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Amplifying Bluetooth phone signals

Recently, I purchased a Bluetooth hands-free unit to take phone calls while driving. It is nowhere near loud enough so I built the CHAMP amplifier (from Jaycar’s Short Circuits Volume 3) and wired an electret microphone to the input with a 10kΩ resistor to power the electret and a 0.22µF capacitor to couple the signal to the CHAMP. That works well but I wanted more volume so I built the high power 12V amplifier from the same book.

I wired the output of the CHAMP to the input of the high power amplifier but I get lots of hiss coming from the speaker even with the volume all the way down on the CHAMP. When I turn the volume up, I don’t get much more volume than from the CHAMP; then it starts to motor-boat. I am bench-testing the set-up with a 12V jump starter pack so the supply is not noisy or weak.

If I disconnect the CHAMP and feed my audio oscillator into the high power amplifier, the thing is as quiet as a mouse and happily gives clean sound when I turn up the oscillator from a low setting. Coupling the electret directly into the high power amplifier doesn’t give much gain either as the article states it needs nearly 1V as a signal input.

I have tried all sorts of resistors and capacitors to interface these two amplifiers but I am obviously missing something simple. Can you please give me some advice on this? (G. C., Toormina, NSW).

• Project 13, the preamplifier from Jaycar’s Short Circuits Volume 3, would have been a better choice and should have been used ahead of the power amplifier rather than using the Champ. The Champ is not as quiet as the preamplifier would be.

But since you already have the Champ, it should be modified by adding a 100Ω load resistor at its output to allow the 470µF output capacitor to charge. Also, the GND (ground) wiring should be first run from the negative terminal of the 12V battery supply to the power amplifier and then to the Champ to prevent problems with motor-boating.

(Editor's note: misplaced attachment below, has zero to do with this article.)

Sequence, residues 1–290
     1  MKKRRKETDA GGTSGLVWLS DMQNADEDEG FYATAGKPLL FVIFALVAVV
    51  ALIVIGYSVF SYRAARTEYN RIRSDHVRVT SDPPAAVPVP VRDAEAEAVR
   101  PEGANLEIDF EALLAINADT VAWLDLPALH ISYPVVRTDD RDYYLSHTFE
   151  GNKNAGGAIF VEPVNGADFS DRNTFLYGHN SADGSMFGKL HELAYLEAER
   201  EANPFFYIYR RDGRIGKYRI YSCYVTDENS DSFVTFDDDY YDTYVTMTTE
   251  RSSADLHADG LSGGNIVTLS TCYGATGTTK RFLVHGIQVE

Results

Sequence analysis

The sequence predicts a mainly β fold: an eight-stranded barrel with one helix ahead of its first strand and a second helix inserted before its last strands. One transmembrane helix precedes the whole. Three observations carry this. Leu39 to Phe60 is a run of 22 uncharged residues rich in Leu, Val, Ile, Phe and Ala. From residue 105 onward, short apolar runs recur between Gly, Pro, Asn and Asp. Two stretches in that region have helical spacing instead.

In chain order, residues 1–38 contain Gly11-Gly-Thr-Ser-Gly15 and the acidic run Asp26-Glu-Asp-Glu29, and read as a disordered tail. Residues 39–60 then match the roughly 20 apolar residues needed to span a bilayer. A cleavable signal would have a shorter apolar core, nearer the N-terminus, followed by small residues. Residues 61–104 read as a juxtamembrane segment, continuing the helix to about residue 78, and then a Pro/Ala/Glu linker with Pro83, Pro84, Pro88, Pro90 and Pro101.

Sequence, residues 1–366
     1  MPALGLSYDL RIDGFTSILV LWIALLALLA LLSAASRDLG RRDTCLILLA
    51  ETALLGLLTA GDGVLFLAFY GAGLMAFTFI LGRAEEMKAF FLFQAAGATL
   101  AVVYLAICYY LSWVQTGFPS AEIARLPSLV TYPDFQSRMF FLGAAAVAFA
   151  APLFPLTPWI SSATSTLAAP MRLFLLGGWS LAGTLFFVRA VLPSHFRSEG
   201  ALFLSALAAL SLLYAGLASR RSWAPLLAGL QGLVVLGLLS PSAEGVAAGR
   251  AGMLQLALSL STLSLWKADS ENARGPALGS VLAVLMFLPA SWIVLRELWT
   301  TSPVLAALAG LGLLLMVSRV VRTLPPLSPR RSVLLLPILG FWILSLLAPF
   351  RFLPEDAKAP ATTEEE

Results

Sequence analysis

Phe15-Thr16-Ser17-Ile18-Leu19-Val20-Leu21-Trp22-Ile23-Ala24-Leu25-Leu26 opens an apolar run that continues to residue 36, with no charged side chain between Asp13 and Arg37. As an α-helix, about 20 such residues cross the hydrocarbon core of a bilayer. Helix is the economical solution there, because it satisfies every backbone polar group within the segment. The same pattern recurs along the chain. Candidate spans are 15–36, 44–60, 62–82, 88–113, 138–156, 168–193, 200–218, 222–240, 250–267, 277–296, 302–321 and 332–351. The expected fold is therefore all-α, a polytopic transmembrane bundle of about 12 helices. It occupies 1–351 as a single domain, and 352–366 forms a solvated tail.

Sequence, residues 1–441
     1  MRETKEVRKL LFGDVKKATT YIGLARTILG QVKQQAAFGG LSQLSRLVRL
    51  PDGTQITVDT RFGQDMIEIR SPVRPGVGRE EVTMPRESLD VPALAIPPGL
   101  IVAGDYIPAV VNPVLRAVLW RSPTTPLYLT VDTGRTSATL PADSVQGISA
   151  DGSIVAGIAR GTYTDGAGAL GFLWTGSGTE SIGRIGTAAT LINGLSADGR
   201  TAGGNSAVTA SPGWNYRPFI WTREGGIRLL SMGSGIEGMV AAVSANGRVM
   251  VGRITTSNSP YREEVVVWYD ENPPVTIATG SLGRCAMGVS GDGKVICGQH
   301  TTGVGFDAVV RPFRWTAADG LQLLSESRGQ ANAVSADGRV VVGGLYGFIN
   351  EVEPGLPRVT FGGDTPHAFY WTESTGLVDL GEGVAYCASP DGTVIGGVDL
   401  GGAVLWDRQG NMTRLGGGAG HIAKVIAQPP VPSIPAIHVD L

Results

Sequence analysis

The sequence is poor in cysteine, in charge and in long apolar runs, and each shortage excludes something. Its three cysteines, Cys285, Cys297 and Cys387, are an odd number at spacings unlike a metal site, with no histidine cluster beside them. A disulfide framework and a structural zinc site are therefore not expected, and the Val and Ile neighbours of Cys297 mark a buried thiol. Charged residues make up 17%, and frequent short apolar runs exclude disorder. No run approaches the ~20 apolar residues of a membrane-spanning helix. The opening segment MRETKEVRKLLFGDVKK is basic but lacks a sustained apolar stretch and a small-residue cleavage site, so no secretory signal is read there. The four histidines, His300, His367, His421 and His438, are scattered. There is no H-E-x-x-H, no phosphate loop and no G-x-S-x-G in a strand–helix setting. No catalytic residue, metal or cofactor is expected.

We suspect the excessive noise is due to high-frequency oscillation of the Champ. The electret supply via the added 10kΩ resistor should be connected to a decoupled supply consisting of a 220Ω resistor from the switched 12V supply. The free end of the resistor connects to a 100µF capacitor, bypassing the supply from the 220Ω resistor to GND.

Reversing facility for electric car

Some years ago I built my grandkids an electric car powered by a 24V 250W motor. It has done years of reliable service and now is the time to add a reversing feature. I thought of wiring in a 2-pole 3-position (centre off) switch but I could not pass 20A through those that are readily available.

Would you consider designing a solid-state external reversing system with the following features: (a) reverse not selectable until the motor is at rest; (b) an internally adjustable speed limit on reverse; and (c) LED warning lights to indicate FWD and REV? In applications such as wheel chairs etc full speed reverse would be dangerous while in dinghies etc full speed reverse might be useful and safe. (D. V., via email).

• Our Railpower projects from October to December 1999 and the September/October 2008 versions had reverse lockout and lockout indication, plus forward/reverse indication. There was no reverse limit setting. The H-drive circuit for the motor was not rated for the current required to drive a 24V 250W motor but this could be upgraded by using TIP35C (25A NPN) and TIP36C (25A PNP) transistors. The current limit would also require changing, with a lower value current sensing resistor.

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